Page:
Welcome to the first-ever Buy Fresh Buy Local monthly column for Tidewater Women. I am Rachel Burns, director of Buy Fresh Buy Local Hampton Roads, and I’m excited and honored to have a space in this publication to share information about what foods are in season and available locally. We’ll also feature fantastic recipes and local-food events.
With summer here and the kids out of school, it’s the perfect time to take a family trip to the farm or farmers market. Most of the local strawberries have come and gone, but June brings its own bevvy of berries including blueberries and blackberries. Many local farms have started offering u-pick berries that will soon be rivaling the strawberry fields in popularity. And there are no limits to what you can do with these super fruits. My personal favorite is an afternoon power smoothie: blend frozen berries with Greek yogurt, flax seeds, and local honey. For dessert lovers out there, nothing beats a berry cobbler or crisp. See the recipe below from our partners, Pungo Blueberries.
Late spring and June also bring us an underrated, but very powerful little vegetable: the spring onion. An easy plant to grow yourself and wildly productive, the spring onion is usually reduced to being chopped up and sprinkled on top of soup as an afterthought or listed in recipes with the notation “optional,” but these little green tubes and their white and yellow bulbs can really pack a punch. The spring onion soup recipe below can be made with the white and yellow portions of the onion and then sprinkled with the thinly sliced green portions.
Still looking for inspiration? How about that old summer standby: yellow squash. If you’ve ever planted squash in your own garden or had a friend or neighbor who did, then you know how abundant this vegetable can be. But fortunately, there are enough delicious recipes out there to keep up with their rate of growth, so check out the curried squash recipe from BFBLHR board member, Kate Wilson.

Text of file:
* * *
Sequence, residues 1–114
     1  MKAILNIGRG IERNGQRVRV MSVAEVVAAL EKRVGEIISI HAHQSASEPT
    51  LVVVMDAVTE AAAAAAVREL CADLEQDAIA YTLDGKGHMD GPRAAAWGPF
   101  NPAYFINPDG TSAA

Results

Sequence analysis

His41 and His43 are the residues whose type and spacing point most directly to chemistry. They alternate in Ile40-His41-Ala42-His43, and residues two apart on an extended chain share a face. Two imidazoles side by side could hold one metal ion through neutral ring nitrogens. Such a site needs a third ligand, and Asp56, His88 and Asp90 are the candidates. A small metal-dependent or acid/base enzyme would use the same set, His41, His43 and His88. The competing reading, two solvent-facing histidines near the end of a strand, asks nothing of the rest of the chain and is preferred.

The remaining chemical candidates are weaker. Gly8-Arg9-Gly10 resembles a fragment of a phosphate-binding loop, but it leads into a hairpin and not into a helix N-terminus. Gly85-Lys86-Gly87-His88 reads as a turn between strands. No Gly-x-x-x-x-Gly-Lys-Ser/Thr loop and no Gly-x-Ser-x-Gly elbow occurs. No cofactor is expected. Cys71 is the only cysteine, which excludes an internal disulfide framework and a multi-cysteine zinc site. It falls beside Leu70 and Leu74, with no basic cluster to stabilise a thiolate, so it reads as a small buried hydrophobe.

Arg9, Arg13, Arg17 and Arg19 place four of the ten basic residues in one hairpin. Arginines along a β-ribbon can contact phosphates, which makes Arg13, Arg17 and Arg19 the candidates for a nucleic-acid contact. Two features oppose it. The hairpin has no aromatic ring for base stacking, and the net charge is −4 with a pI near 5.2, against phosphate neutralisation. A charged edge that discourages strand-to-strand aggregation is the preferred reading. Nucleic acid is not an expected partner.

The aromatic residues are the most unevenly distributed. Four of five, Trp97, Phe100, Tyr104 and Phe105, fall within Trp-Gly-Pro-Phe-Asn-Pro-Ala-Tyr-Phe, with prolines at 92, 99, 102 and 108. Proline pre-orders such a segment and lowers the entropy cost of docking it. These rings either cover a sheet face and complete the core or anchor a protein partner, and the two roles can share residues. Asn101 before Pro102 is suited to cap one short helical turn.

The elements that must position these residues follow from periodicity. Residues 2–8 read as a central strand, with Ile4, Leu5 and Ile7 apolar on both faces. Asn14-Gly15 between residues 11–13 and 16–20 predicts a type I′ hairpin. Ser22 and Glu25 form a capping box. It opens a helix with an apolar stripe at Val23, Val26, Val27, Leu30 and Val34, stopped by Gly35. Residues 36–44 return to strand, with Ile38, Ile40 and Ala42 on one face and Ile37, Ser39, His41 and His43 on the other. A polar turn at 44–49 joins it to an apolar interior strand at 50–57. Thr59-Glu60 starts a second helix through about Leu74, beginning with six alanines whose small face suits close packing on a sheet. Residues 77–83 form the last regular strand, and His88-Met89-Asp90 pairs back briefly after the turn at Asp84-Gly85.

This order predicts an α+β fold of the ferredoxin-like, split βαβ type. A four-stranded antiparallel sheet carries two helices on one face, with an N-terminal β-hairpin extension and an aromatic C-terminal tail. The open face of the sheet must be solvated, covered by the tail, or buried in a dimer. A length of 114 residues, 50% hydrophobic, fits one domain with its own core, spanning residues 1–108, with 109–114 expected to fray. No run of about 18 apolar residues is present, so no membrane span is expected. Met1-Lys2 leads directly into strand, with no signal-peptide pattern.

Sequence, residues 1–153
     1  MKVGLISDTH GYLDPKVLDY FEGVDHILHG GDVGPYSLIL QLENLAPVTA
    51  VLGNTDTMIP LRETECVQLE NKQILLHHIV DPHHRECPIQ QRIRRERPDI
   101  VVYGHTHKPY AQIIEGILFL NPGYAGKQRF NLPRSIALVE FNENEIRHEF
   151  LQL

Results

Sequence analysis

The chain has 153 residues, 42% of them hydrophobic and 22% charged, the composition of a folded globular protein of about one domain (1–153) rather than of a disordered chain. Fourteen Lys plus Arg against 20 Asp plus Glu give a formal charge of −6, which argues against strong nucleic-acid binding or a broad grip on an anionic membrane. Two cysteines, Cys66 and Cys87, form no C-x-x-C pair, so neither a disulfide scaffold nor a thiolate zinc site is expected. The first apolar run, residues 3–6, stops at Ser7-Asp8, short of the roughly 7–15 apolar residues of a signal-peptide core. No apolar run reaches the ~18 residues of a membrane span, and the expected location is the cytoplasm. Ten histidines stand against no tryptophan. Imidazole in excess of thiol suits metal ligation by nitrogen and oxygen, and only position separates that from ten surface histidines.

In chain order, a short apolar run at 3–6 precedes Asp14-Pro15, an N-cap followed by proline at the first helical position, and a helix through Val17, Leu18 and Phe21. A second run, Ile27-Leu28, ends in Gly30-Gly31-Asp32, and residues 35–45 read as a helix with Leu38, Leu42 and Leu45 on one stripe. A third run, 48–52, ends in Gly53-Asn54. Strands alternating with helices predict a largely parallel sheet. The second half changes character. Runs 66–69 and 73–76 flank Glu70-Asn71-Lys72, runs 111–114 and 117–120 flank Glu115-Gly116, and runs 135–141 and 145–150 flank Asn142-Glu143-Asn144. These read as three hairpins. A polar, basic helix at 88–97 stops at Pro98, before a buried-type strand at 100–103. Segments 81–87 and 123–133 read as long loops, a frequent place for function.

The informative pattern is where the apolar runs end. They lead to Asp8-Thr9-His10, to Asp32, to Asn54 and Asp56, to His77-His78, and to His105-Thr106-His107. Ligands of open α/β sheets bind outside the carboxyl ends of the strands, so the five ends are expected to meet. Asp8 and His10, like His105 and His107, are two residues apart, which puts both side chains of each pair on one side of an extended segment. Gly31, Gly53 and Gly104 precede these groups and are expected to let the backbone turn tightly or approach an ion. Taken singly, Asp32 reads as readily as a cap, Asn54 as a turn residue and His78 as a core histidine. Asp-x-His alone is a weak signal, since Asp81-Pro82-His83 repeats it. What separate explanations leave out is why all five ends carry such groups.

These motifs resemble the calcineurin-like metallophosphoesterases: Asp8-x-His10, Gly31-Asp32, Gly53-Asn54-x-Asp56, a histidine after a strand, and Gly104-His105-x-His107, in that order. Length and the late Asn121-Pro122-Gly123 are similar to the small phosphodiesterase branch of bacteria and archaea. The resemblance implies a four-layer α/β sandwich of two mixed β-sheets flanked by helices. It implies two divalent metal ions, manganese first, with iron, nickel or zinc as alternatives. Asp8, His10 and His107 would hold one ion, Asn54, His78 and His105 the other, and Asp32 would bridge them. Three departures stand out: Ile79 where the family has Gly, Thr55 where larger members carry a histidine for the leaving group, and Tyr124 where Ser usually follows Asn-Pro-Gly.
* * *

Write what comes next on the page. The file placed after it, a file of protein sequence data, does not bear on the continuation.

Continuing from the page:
June is also the month when many local farmers markets will be opening up, so make sure you check with your local agriculture department, extension agent, or visit our website or Facebook page for daily updates on local food happenings around Hampton Roads.
Blackberry Oatmeal Crisp
1 quart (4 cups) blackberries
1/4 cup butter
1/3 cup flour
3/4 cup granulated sugar
3/4 cup uncooked quick rolled oats
1/3 cup packed brown sugar
Put berries in ungreased baking pan and sprinkle with granulated sugar. Mix butter, rolled oats, flour, and brown sugar until crumbly; sprinkle over berries. Bake at 350˚ about 30 minutes until lightly browned. Note: For extra enjoyment, serve with ice cream or whipped cream.
Source: Pungo Blueberries, Etc., Virginia Beach
Spring Onion Soup
2 tablespoons extra-virgin olive oil, plus more for drizzling
2 pounds spring onions (or yellow onions), trimmed and thinly sliced
2 1/2 teaspoons coarse salt
1 1/4 cups homemade or low-sodium store-bought chicken stock
2 cups water
8 pieces crisp flatbread, for serving
Heat oil in a large pot over medium-high heat. Add onions, and cook, stirring occasionally, until translucent but not brown, about 15 minutes. Stir in salt, stock, and water. Bring to a simmer, and cook for 15 minutes. Remove from heat, and let cool for 20 minutes. Working in batches, puree in a blender, starting on low speed and gradually increasing to high, blending until soup is smooth. Divide soup among 4 bowls, drizzle with oil, and serve with flatbread on the side.
Roasted Curried Squash
Summer squash, zucchini - any variety, as many as you want to use
Quality olive oil to taste
kosher or sea salt
Red curry powder (yellow curry powder should work but won’t be as flavorful)
Thinly slice squash approx. 1/4-in. thick, using food processor or mandolin. Place in large bowl and gently toss with olive oil to coat. Spread on baking sheets or jelly roll pans in one layer. (It’s OK to overlap if some of the slices are extra thin.) Lightly sprinkle with salt and red curry powder on one side. Roast in 400°F oven for approx. 30 min. Check periodically, and turn over as needed. Remove trays from oven and cool. Serve warm, room temperature, or chilled.
Note: Due to the high water content, squash slices do not crisp like root vegetables when roasted. Gently scrape up the squash from the trays into a bowl. They may look mushy, but will serve well when cold.
Source: Kate Wilson
Visit www.buylocalhamptonroads.org and www.facebook.com/buylocalhr for more information.